Representatives of Jewish communities from more than 20 countries gathered in Rabat, Morocco, to sign a declaration calling for “individuals, civil society and governments” to recognize Jewish ties to Africa and undertake educational and cultural initiatives to raise awareness of African Jews’ experiences.
A five-point resolution urged collaboration in the “preservation, rehabilitation and renovation” of African Jewish historical sites and underscored the need to grant Jewish voices in Africa more opportunities.
Beginning in Rabat at the Policy Center for the New South and ending two days later at the Museum of Moroccan Judaism in Casablanca, the conference featured delegates from the United States, Cape Verde, Egypt, Ethiopia, Morocco, Tunisia and South Africa.
A highlight of the summit was presentation of the Moses African Jewish Leadership Awards. Notable recipients included Trabelsi, Cape Verde’s Minister of Communities Jorge Pedro Mauricio dos Santos, and Israel’s first ambassador of Ethiopian descent Belaynesh Zavadia.
The Mimouna Association, a Moroccan nonprofit dedicated to preserving Moroccan Jewish heritage, and the American Sephardi Federation organized the event with support from USAID and Moroccan state-run chemicals company Office Chérifien des Phosphates.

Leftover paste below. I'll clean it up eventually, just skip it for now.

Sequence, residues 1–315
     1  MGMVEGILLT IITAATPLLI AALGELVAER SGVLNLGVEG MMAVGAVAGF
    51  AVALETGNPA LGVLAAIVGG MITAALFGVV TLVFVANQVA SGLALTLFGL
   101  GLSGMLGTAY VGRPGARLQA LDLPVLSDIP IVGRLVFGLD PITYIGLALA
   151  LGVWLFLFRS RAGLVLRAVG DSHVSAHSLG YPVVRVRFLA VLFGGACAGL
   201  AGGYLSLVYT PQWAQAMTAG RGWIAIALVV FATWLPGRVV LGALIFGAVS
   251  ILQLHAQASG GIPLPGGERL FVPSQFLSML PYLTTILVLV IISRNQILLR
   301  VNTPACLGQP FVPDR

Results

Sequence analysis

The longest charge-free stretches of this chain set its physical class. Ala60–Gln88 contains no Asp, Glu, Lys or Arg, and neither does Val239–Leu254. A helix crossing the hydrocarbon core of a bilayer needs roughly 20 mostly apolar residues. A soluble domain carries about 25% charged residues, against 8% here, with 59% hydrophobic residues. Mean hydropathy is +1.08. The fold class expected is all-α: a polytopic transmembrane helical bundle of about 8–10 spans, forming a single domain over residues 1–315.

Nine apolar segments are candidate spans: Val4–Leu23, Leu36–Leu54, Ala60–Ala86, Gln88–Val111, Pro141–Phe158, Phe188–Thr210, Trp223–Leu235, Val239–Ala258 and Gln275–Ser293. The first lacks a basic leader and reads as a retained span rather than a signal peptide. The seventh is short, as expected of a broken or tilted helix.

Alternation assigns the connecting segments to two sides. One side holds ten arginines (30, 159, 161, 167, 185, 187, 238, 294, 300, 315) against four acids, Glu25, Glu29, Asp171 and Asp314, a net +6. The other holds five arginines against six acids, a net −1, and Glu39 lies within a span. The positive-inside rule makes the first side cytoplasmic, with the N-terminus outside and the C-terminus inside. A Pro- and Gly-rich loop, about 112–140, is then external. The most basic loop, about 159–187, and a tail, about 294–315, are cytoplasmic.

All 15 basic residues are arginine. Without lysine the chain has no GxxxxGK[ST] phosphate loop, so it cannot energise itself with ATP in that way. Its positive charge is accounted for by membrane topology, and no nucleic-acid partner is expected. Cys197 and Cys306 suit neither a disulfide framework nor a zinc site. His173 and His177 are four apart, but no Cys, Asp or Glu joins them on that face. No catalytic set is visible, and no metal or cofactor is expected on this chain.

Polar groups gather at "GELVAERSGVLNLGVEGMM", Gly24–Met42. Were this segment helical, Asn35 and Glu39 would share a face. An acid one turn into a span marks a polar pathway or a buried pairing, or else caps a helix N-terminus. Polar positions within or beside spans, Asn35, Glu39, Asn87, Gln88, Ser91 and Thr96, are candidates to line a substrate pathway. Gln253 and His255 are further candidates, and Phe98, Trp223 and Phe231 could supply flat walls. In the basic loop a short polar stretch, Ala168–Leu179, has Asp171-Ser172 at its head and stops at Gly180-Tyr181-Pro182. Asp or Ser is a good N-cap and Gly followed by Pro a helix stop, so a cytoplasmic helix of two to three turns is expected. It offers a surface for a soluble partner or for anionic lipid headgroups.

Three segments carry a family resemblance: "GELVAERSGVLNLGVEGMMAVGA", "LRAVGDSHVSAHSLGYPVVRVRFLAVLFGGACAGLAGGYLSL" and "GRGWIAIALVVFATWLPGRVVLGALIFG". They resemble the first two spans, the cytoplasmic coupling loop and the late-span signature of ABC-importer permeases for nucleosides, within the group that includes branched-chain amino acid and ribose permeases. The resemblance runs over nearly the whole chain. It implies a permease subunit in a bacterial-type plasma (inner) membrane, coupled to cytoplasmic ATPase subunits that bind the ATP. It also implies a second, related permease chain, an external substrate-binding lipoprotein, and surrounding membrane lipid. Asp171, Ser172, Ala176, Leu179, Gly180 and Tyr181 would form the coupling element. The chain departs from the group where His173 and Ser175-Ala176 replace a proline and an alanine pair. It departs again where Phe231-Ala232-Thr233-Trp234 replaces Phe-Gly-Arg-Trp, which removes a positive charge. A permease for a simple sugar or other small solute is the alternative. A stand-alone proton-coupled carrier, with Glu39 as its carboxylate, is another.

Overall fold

“African Judaism is ancient, rich and diverse. Despite the insignificance of the Jewish population, especially after the establishment of modern-day Israel in 1948, the Jewish African population is way more ethnically, culturally and ritually diverse than any other Jewish community,” a representative for Mimouna told JNS.
“Throughout history, Africa has been a place of refuge and rebirth for the Jewish people. The Sephardi astronomers and artists, travelers and traders, publishers and philosophers who pioneered today’s cosmopolitan world were frequently from or found in Africa,” said American Sephardi Federation executive director Jason Guberman.
“As a Jewish Namibian businesswoman, I am greatly encouraged by this action to bring the preservation of an often-overlooked aspect of Africa’s heritage to the world stage,” said Strategic Director of the Pupkewitz Group Andrea Berry.